Early Intervention in Domestic Violence and Abuse
17 March 2014
This week the Early Intervention Foundation released our updated report on Early Intervention in Domestic violence and Abuse. It is the first in a series of reports which will aim to address key areas relating to Early Intervention.
Domestic Violence has featured heavily in the news recently: NICE issued their guidance on domestic violence which served as a “wake up call” to the scale of the problem, while parliamentary figures highlighted that although the number of reports of domestic violence to police increased, both the number of cases of domestic violence being referred to prosecutors and the conviction rate had dropped.
The EIF chose to focus on domestic violence and abuse in our first report because it is an important cause of long-term problems for children, families and communities. The damaging impacts of witnessing domestic violence and abuse on children can cast a long shadow with inter-generational consequences sometimes leading to a repetition of abusive and violent behaviours.
Our report finds that children who have witnessed Domestic Violence between their parents display increased fear, inhibition, depression, as well as high levels of aggression and antisocial behaviour which can last not only into their teenage years, but into adulthood too. The effect on a child of witnessing domestic violence between parents is similar to that of experiencing physical abuse themselves. And with 25% of young people witnessing domestic violence and abuse before the age of 18, the problem is not confined to a small section of the population.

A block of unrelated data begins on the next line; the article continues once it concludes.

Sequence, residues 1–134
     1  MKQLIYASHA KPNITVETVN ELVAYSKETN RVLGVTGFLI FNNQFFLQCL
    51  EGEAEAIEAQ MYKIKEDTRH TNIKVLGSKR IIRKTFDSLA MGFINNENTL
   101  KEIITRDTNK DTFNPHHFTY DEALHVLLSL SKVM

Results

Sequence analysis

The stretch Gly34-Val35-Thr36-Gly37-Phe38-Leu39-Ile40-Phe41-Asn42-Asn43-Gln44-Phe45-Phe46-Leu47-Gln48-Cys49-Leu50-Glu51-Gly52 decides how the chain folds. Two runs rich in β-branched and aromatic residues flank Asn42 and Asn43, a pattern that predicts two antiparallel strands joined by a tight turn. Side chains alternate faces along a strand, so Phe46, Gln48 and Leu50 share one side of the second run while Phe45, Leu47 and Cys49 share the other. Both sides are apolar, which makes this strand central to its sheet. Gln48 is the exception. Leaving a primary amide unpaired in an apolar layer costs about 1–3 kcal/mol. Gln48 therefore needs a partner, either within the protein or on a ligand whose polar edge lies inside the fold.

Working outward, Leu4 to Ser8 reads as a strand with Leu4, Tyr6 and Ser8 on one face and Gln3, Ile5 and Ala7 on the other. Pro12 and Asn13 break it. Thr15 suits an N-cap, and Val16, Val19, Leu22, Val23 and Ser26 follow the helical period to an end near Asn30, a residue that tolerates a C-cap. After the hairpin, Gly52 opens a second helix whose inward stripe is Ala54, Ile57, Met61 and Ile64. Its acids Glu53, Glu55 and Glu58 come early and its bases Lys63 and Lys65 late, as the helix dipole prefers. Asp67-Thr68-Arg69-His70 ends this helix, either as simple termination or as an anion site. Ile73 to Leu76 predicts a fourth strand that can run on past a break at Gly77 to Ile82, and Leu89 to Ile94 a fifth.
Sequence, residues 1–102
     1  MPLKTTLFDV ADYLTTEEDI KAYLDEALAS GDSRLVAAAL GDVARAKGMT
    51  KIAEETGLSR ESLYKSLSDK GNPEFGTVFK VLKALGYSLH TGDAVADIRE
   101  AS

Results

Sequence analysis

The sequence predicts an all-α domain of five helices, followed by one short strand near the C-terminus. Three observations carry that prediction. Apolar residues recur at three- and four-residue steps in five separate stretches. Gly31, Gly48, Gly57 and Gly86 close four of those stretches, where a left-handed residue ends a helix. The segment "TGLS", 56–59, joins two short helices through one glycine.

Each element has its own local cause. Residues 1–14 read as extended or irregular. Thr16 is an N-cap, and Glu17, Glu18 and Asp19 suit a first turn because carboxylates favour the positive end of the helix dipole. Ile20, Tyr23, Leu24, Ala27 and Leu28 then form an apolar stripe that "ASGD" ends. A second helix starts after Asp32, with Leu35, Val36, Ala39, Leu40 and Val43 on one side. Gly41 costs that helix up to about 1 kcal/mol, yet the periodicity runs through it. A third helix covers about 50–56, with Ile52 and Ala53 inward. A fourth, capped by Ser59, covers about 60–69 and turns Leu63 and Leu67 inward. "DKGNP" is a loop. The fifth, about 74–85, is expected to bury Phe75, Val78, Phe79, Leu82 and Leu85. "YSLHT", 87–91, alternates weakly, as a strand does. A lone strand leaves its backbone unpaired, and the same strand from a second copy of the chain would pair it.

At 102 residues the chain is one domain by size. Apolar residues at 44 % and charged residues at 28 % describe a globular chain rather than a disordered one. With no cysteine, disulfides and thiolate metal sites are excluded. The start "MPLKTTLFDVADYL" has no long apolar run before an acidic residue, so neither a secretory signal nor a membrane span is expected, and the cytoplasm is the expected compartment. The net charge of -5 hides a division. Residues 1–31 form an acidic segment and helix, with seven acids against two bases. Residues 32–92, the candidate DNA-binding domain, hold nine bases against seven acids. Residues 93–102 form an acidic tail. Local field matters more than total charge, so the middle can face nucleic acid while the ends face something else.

Another overriding message from this report is the importance of evaluating promising programmes and practice on domestic violence and abuse prevention. Organisations currently delivering vital services or testing out new programmes are eager to measure their impact and improve their practice. But this requires investment and support from universities, research organisations, government and others.
It is no surprise that the cost of domestic violence and abuse is significant, with the estimated overall cost to society standing at £15.7bn. If we add to this the wider long-term impact on mental health and the intergenerational effects on child development, the case for a preventative approach becomes overwhelming.
We believe there must be a better, more effective way of protecting children and families and saving money in the long run.
Our full list of recommendations can be found here. We will advocate with central and local government, commissioners and others for:
1. Proven evidence-based programmes and practice
2. The Action plan on Violence against Women and Girls and a series of improvements to it.
3. More effective support to deliver school-based programmes to scale for example Personal, Social Health Education and Sex and Relationship Education.
4. Strengthening support for couple and family relationships where there is a risk or history of domestic violence and abuse.
5. A comprehensive workforce development plan on domestic violence and abuse for all Early Intervention workers.
6. Improved measurement, evaluation and research of domestic violence and abuse with a particular focus on the impact of Early Intervention in preventing it.
The full report is available here.